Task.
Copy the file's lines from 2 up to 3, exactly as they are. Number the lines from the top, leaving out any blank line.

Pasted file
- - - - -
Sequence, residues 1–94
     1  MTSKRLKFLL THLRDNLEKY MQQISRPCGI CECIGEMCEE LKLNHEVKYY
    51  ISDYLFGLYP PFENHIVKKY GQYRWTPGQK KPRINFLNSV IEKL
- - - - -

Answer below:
     1  MTSKRLKFLL THLRDNLEKY MQQISRPCGI CECIGEMCEE LKLNHEVKYY
    51  ISDYLFGLYP PFENHIVKKY GQYRWTPGQK KPRINFLNSV IEKL